Part II of this DAO is derived from Presidential Policy Directive 8: National Preparedness (March 30, 2011) (PPD-8), which calls on the Secretary of Homeland Security to coordinate with other Federal departments and agencies to consult with the whole community to develop a national preparedness goal and a series of Frameworks and plans related to reaching the goal.

.01    Nation Planning Frameworks: The Frameworks describe how the whole community works together to achieve the National Preparedness Goal. There is one Framework for each of the five mission areas: Prevention, Protection, Mitigation, Response, and Recovery.

This section describes the Department’s roles and responsibilities involved with the Mitigation, Response, and Recovery Frameworks.

More information can be obtained about the National Planning Frameworks at: https://www.fema.gov/national-planning-frameworks.

.02    National Mitigation Framework (NMF):

Mitigation is defined by PPD-8 as capabilities that lessen the impact of disasters and are critical efforts throughout the National preparedness cycle. Integrating mitigation actions into pre- and post-disaster recovery plans provides systematic and effective risk management strategies that enable an efficient recovery process. The NMF sets the strategy and doctrine for building, sustaining and delivering the core mitigation capabilities. The NMF addresses how to develop, coordinate and implement these mitigation capabilities to reduce loss of life and property and to lessen the overall impacts of disasters. The NMF has seven core capabilities and lists critical tasks for each one. The NMF identifies specific responsibilities within noted Recovery Core Capabilities (RCC) that are assigned to the heads of the noted B/OU under the provisions of the NMF. More information can be obtained about the NMF at: https://www.fema.gov/national-mitigation-framework.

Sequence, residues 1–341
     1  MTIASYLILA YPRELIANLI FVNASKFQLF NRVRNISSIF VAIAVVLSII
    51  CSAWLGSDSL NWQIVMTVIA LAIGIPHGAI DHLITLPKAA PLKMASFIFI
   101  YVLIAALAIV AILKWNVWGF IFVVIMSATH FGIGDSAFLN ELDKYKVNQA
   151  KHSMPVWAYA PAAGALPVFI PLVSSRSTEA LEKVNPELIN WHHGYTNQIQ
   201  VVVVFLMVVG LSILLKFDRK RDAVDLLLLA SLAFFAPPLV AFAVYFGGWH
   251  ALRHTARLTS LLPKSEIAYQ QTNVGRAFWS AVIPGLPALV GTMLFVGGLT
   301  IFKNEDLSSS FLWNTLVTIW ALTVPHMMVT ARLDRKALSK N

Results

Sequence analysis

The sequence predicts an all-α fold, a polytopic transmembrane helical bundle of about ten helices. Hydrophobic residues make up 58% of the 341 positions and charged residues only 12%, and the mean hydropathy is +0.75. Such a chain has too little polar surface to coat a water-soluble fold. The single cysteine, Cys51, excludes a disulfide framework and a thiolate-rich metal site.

a.    Core Capability #1, Threats and Hazard Identification: Gather required data in a timely and accurate manner to effectively identify threats and hazards.

NOAA’s supporting role includes:

1.    Provides data and information resources to help prepare the public for a) weather hazards (e.g., hurricanes, storms, flooding), b) climate-related hazards (e.g., drought, sea level change), and c) coastal hazards (e.g., tsunami, storm surge).

b.    Core Capability #2, Risk and Disaster Resilience Assessment: Perform credible risk assessments using scientifically valid and widely used risk assessment techniques.

NOAA’s supporting role includes:

1.    Supports development of credible risk and vulnerability assessments with scientifically valid assessment techniques, hazard and climate risk information, and vulnerability data related to societal, economic, and environmental conditions; and

2.    Builds the capability within communities to assess, analyze, and communicate risk and resilience knowledge.